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Uno: Love of Mountains [Paperback]

Uno Koji , Koji Uno , Elaine Gerbert
5.0 out of 5 stars  See all reviews (1 customer review)

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Book Description

July 1 1997 Oxford Authors
In an early well-known work, "In the Storehouse" (Kura no naka, 1919), Uno's ludic posturing gently deflates the pretentions of the narrator, the suffering writer Yamaji. Any attempts at narrative coherence are subverted as the garrulous and endlessly self-absorbed Yamaji piles digression upon digression while struggling to regain control over the story by repeatedly interrupting the fitful narration to address his readers directly and plead their indulgence. "Love of Mountains" (Yamagoi, 1923), another story from Uno's early period, blends lyricism with buffoonery in a seamless flow that celebrates the grandeur of the Japanese Alps while quietly undermining the reliability of perception and parodying the romantic's response to mountain landscapes. Elaine Gerbert's evocative and graceful translation is preceded by an interpretive introduction that places Uno's writing in critical perspective.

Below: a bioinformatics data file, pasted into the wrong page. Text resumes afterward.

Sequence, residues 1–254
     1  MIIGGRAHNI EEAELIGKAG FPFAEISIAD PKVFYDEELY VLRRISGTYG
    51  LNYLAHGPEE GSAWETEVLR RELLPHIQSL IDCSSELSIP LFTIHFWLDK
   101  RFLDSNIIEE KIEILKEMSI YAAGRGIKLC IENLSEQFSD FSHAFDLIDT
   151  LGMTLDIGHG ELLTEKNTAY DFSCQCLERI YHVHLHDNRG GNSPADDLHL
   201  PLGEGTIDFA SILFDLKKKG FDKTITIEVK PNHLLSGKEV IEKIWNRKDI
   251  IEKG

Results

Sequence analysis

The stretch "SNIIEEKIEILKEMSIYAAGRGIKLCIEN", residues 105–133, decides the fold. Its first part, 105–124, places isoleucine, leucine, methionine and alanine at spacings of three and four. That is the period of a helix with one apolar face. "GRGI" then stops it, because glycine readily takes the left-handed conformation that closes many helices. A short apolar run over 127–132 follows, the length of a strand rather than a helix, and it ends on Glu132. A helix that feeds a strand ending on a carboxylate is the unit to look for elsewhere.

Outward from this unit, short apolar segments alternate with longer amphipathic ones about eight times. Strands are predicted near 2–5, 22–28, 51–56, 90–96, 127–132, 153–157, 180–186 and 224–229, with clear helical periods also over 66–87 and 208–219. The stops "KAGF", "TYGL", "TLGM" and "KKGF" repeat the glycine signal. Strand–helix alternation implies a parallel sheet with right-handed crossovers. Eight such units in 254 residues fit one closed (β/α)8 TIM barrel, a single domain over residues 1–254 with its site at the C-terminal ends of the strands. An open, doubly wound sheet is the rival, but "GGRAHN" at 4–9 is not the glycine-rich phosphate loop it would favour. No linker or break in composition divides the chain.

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5.0 out of 5 stars Old kimonos and mountains June 19 2003
Format:Paperback
First of Dr. Gerbert wrote an outstanding introduction to these two stories. She not only gives the reader detailed background information on the writer himself, but she also paints a wonderful picture of the time period in which the author wrote. She also gives detailed information on the various types of writing styles and writing groups that were popular at the time. I, myself, am mainly a reader of very modern Japanese fiction, but reading these stories warped me back to a different time. No i do not mean the time ofsword weilding samurai, but of a time when Japan's encounter with Matthew Perry was in the recent memory. Uno is an interesting man because his family unlike many of other authors' families was not very privledges. He started off that way but when his father died early his mother was forced to become a waitress, and because of her low income he was forced to live with other relatives, and because of this he met people he would have normally never saw such as fishmnongers and prostitutes. His early life made him different than the polished Nagai Kafu, and he became sort of an outsider, but after becoming sick, he became a more standard writer, and a very important one at that, becoming the head of the Akutagawa prize. The stories in this book are vastly different than the other. The first one is quite short and deals with a selfish 40 year old man who i obsessed with his old clothes that he stored in a storehouse. He even visits his old clothes. the second story deals with a writer who pines for the affection of a young geisha and the people he meets along the way. those are the stories in a nutshell. one must read them to really experience them
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